Back to Israel: Oy. This isn't going to be pretty. A line has been crossed, in my opinion. Even if Israel gets Cpl. Shalit back... negotiations with the Palestinians look to be, effectively, dead.

*A very good online text on the subject can be found here. The link is to a chapter in a long paper (apparently a thesis or dissertation) that offers a great deal of background into the entire Chomsky/Cambodia affair. Of note are some of the writer's observations about Chomsky and Co.:

1. What is self-evident, however, is Chomsky's research techniques and predictive sensibilities. He uses far too little empirical evidence to create theories, which in turn do not predict very well.

Interestingly, this is the substance of the critique made by Marc Miyake of the linguistics blog Abode of Amritas with regard to Chomsky's linguistic theories.

[NB: Miyake's article here summarizes my own anti-nation-building sentiments nicely. More people are going to come around to my point of view, eventually. You don't start something unless you're truly prepared to finish it. And by "prepared" I mean more than just having the will: I'm also talking about possessing the means.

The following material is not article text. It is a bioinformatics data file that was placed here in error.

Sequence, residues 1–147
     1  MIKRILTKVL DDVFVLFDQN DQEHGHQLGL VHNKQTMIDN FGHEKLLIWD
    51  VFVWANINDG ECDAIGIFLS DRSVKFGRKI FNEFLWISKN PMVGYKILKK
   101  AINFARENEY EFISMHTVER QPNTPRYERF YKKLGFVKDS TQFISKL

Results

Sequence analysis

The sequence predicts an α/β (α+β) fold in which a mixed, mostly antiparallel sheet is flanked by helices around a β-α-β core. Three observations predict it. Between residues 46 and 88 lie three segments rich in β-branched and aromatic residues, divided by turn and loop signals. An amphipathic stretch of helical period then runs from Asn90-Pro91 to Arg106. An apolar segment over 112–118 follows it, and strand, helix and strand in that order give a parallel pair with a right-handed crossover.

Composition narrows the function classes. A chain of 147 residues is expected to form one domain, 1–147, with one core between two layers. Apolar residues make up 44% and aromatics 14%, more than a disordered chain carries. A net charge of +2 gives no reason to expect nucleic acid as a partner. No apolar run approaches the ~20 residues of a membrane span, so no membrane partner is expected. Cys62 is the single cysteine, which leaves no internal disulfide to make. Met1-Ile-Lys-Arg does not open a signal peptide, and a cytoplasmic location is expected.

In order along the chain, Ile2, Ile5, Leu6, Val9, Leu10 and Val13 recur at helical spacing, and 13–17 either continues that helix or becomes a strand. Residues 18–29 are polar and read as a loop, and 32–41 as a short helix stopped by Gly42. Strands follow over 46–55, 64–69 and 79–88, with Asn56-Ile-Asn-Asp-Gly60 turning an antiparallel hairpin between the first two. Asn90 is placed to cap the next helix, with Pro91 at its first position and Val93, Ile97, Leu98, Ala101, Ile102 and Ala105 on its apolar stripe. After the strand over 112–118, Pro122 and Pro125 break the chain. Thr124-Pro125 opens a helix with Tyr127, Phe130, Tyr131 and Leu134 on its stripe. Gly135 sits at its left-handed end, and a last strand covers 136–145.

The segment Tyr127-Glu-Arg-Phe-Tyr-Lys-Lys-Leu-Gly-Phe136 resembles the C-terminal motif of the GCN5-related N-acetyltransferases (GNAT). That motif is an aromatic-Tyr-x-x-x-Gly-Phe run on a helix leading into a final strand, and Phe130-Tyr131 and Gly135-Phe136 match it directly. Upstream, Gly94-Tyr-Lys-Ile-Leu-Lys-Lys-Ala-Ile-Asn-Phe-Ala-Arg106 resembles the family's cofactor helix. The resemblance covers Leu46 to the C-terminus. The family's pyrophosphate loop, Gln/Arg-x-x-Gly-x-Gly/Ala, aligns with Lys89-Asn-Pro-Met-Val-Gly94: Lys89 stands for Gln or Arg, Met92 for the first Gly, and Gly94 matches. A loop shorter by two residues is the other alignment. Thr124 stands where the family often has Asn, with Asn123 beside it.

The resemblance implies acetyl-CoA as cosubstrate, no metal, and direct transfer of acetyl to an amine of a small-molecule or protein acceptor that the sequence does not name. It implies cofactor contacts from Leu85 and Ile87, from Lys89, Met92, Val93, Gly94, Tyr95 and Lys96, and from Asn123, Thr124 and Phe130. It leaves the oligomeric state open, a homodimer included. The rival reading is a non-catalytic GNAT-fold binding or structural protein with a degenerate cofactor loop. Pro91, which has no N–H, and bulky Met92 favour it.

NB2: Miyake's blogroll contains an interesting link: Diary of an Anti-Chomskyite. Give the dude some hits. I loudly applaud his cause.]

2. By 1977, Chomsky was itching for a new target, since he did not have Nixon and Kissinger to kick around anymore. With his long-time collaborator Edward Herman, Chomsky found the Western media and its alleged differential treatment of atrocities in Cambodia versus East Timor, a convenient Trojan horse for a new wave of attacks on "imperialism" at the expense, of course, of the peasants he loved. Chomsky's onslaught was unrelenting, he began with a broadside on May 2, 1977 to the Christian Science Monitor for its editorial "Cambodia in the year zero" (CSM, 04/26/77) based on Jean Lacouture's "The Bloodiest Revolution" (NYRB, 03/31/77). He followed with personal correspondence to Lacouture and Bob Silvers, editor of the New York Review of Books, which published the translated Lacouture review. This correspondence resulted in a clarification by Lacouture in "Cambodia: Corrections" (NYRB, 05/26/77). Still unsatisfied with these results, Chomsky and Herman published a book review in the Nation on June 25, 1977, entitled "Distortions at Fourth Hand" in which they dismissed the Barron-Paul book as "third rate propaganda"[127] and called the Ponchaud book "serious and worth reading" but full of erratas and unreliable, especially since it was based on interviews with refugees. Chomsky and Herman pioneered, with Ben Kiernan, a new way to look at refugees: suspiciously. [emphasis added]